Resources - Emulation - SEGA Game Gear - Le Bottin des Jeux Linux

Resources - Emulation - SEGA Game Gear

🗃️ Specifications

📰 Title: Resources - Emulation - SEGA Game Gear 🕹️ / 🛠️ Type: Info
🗃️ Genre: Emulation 🚦 Status: 11. Documentation
🏷️ Category: Emulation ➤ Engine ➤ SEGA 🌍️ Browser-based:
🔖 Tags: Documentation; Resources; Emulator; SEGA 📦️ Package Name:
🐣️ Approx. start: 📦️ Arch:
🐤️ Latest: 🍥️ On Deb repo:
📍️ Version: Latest : - 📦️ Deb:
🏛️ License type: FOSS/Libre 📦️ RPM:
🏛️ License: CC BY 📦️ AppImage:
🏝️ Perspective: Third person 📦️ Snap:
👁️ Visual: Text 📦️ Flatpak/Athenaeum:
⏱️ Pacing: Real Time ⚙️ Generic bin.:
👫️ Played: Single 📄️ Source:
🎖️ This record: 5 stars 📱️ PDA support:
🎖️ Game design: 👫️ Contrib.: Goupil & Louis
🎰️ ID: 12601 🐛️ Created: 2011-12-30
🐜️ Updated: 2021-11-07

📖️ Summary

[fr]: Un ensemble de liens vers des ressources ou documentations relatives à l'émulation de la console de jeu portable SEGA Game Gear [en]: A set of links to resources and / or documentation for the Sega Game Gear handheld game console

🎥️ Videos

🎮️ Quelques exemples / Some examples (Showcase) :

🕸️ Links

Docs
[Wikipedia (Game Gear) [fr] [en] [de]]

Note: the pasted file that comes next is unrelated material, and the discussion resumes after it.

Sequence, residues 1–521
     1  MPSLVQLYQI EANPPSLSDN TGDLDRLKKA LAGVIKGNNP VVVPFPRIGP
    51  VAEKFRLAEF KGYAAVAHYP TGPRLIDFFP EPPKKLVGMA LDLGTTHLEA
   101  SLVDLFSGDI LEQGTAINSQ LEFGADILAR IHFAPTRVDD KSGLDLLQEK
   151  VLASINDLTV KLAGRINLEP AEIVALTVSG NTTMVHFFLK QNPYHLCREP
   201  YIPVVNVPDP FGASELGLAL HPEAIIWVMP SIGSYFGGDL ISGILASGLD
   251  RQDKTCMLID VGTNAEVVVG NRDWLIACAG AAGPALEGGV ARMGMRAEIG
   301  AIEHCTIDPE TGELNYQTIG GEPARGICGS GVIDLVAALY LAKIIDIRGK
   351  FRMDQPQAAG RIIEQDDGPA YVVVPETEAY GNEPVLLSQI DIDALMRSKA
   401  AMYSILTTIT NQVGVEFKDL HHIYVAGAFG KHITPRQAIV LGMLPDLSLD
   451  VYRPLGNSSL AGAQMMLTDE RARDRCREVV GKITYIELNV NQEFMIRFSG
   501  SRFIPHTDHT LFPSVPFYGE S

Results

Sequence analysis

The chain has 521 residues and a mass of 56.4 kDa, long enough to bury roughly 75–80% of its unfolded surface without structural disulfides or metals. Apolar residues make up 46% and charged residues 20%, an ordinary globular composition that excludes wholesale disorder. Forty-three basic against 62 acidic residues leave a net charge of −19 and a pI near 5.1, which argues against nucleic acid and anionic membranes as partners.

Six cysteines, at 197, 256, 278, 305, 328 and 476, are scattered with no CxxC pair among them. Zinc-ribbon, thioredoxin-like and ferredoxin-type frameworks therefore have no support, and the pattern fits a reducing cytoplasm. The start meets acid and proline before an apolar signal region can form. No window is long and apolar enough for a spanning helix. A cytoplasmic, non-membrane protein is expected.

[Wikipedia (Sega) [fr] [en] [de]]

• Docs (systems) : [MESS specifications] [System.cfg [fr]] [Planet Emulation [fr]] [MO5.COM [fr]]
• Docs (games) : [SMS Power!] [EmulPlus [fr]] [LeJeuVideo.com [fr]] [StrategyWiki (consoles & games)]

Resources
• Fan-sites & Resources : (empty)

Games
• Freeware :
[PDRoms]

• Abandonware :
[TheOldComputer] [ROMNation] [FreeROMS] [The Game Archives] [Planet Emulation [fr]] [ROM World] [NVG.NTU (FTP)] [ROM Hustler] [SnesOrama] [WHDownLoad] [Plus/4 World] [ROM-FREAKs] [GBA ROMs] [World of Spectrum] [SMS Power! (Homebrew)] [RomsMania.cc] [Emulator.games]

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📕 Description [fr]

Un ensemble de liens vers des ressources ou documentations relatives à l'émulation de la console de jeu portable SEGA Game Gear.

La Game Gear a été parmi les premières consoles portables couleur en 1990. Sa ludothèque est composée de conversions de jeux de la Master System, avec une réduction importante de la résolution du fait de la taille de l'écran.


🌍️ Wikipedia :

La Game Gear est une console de jeux vidéo portable en couleur, sortie en 1990 et produite par Sega afin de concurrencer la Game Boy de Nintendo apparue une année plus tôt.